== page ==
Which is it?
Upon my arrival in the OBX after a good 7 hour drive and a pit stop in Delaware for tax free booze, a new T4i was sprung on me. It was one of a few cameras I was looking at as a grad present. I was previously nothing but a Nikon guy so it has been a rough transition, a few things are completely backwards. But it is a total upgrade in that the cameras I had been using were of inferior classes.
Being as it was a vacation I was reluctant to take it out onto the beach and such because my vacation to alcohol ratio is 1:1. But I couldn’t pass up the chance at fireworks once I learned of the bulb feature I have never had the pleasure of using. So I popped in a card, snagged my tripod and headed to the beach. I took a random picture on some random settings and got basically a blank frame. I then set up pointing at the pier the fireworks were going to come from. But someone about 125 feet away lit their own firework off and I quickly ballparked it to where i thought it would go off. And the second picture I ever took with my new camera was THIS:
I was slightly shocked at the colors and the lucky framing. SO I focused up for the rest of the shoot. Here are a few highlights. Sometimes the tripod moved, which created an effect, and I’ve read about how using the image stabilization eature with a tripod creates shaking in the image, but im not quite sure. These don’t even look like fireworks, they are unreal, and BARELY if at all edited. The blue in the 2nd picture down is NOT edited, I couldn’t enhance that if I tried. CLICK for full effect.
Whats funny is that every other time I had been to the Outer Banks, which used to be yearly, I was blowing things up left right and center. This time I saw it in a different, ridiculous, multicolored light.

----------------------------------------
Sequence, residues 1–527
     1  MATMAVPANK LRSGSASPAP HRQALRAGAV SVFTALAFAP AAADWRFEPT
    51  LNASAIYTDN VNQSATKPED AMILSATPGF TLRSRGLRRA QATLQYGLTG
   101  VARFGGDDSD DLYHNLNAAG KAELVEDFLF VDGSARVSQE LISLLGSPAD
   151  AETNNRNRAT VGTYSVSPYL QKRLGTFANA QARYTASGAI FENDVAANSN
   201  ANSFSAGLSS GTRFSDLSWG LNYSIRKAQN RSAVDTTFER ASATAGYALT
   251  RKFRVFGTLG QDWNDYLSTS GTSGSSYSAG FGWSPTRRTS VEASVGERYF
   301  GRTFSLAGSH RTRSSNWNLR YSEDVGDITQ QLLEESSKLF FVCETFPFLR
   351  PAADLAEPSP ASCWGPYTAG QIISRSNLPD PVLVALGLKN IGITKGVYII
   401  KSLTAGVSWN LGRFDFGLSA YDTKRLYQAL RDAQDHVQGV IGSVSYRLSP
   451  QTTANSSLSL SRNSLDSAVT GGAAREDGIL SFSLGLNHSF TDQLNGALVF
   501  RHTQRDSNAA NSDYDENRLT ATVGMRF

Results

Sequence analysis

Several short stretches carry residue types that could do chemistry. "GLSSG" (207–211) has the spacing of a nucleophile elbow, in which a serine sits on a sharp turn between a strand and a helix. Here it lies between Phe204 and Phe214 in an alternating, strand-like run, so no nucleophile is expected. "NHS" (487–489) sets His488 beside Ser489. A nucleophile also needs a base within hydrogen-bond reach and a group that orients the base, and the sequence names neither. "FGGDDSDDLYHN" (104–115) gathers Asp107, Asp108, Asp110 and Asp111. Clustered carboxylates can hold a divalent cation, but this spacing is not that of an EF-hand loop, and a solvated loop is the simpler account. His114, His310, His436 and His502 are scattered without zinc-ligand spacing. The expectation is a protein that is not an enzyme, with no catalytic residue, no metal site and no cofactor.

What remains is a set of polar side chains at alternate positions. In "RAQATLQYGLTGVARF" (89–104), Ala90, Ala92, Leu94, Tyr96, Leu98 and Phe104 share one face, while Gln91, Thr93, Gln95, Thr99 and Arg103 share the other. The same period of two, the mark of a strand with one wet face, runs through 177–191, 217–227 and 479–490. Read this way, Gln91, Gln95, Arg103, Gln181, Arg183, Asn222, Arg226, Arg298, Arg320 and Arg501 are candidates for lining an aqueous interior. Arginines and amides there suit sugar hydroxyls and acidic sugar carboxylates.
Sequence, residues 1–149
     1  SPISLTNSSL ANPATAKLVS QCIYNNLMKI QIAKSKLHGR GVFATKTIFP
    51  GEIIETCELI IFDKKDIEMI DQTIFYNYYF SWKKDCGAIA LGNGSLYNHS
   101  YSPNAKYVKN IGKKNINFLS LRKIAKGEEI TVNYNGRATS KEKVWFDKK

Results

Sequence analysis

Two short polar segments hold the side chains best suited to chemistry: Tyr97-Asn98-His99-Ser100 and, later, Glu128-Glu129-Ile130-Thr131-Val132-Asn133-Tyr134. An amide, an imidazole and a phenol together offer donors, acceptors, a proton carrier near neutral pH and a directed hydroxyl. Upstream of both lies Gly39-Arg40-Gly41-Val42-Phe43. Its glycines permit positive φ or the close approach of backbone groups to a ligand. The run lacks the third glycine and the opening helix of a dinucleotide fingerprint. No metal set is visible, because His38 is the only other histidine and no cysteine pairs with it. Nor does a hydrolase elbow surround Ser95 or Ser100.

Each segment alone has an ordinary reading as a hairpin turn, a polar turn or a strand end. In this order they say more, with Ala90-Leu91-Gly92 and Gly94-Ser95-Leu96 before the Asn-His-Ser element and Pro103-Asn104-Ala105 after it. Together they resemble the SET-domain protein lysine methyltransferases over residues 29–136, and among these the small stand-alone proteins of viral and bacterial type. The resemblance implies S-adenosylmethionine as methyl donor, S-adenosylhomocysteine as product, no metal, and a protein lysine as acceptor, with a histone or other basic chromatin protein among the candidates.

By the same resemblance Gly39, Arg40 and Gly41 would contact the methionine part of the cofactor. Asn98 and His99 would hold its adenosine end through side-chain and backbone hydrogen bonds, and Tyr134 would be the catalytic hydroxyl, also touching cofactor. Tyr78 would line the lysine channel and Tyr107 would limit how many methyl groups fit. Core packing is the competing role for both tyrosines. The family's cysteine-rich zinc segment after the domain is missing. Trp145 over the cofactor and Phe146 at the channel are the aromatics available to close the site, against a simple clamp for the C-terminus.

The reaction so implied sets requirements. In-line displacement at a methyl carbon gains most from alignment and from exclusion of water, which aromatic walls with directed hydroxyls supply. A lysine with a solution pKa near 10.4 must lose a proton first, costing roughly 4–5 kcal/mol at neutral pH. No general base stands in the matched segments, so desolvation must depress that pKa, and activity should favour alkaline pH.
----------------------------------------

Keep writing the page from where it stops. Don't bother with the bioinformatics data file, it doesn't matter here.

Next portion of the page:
For my final project in college ever(!) I got to do a photo series on the northern most part of route 47. It was particularly significant for me because I finished the last moments of my college career waiting for the sun to set over the Naval Yard, where my grandfather and uncles worked. Not to mention the Linc, Citizens Bank Park and the whole stadium complex, some of the most significant places in my life and the lives of my entire extended family lay before me.
Heres the link and a few of the highlights:
This is an interview I did with Jed Gaylin. Jed is the music director of the Bay Atlantic Symphony. A fantastic local symphony here in New Jersey. they have a special relationship with Stockton college and Cumberland County college, where they often play. I was lucky enough to be allowed to shoot a dress rehearsal. Mr. Gaylin saw me enter the room and we were quickly into an interview. Luckily for me I had lost some sleep the last few nights thinking of what I would ask, and ruminating on the photos I had seen taken of him before. Luckily everything went well. Hanging around during their rehearsal was amazing. Mr. Gaylin was so forceful and demanding, he did not want to play, as he said, “generic Schubert.”
The other piece they played was Rachmaninoff’s second piano concerto. A wild piece , like affirmation through sound. It was beautiful and haunting, a favorite for me no doubt amongst what I have heard in this genre. Being alone to witness this in a massive auditorium was a once in a lifetime opportunity. And to have a personal audience with the maestro made it just that much sweeter.
I still want to add some music to the end of the video. It seems to beg for a snippet of sound.
So my (last) class (ever) is doing a silly project on rt 47. Which goes from Camden to Wildwood. Our first assignment had me out shooting for story ideas. So naturally I came back with 50 pictures of inanimate objects with no redeeming qualities but to express the bareness of this road and its attractions. I’m sure I’ll find something worth going into eventually, so far I’m just falling in love with having a camera in my hand again.
More after the jump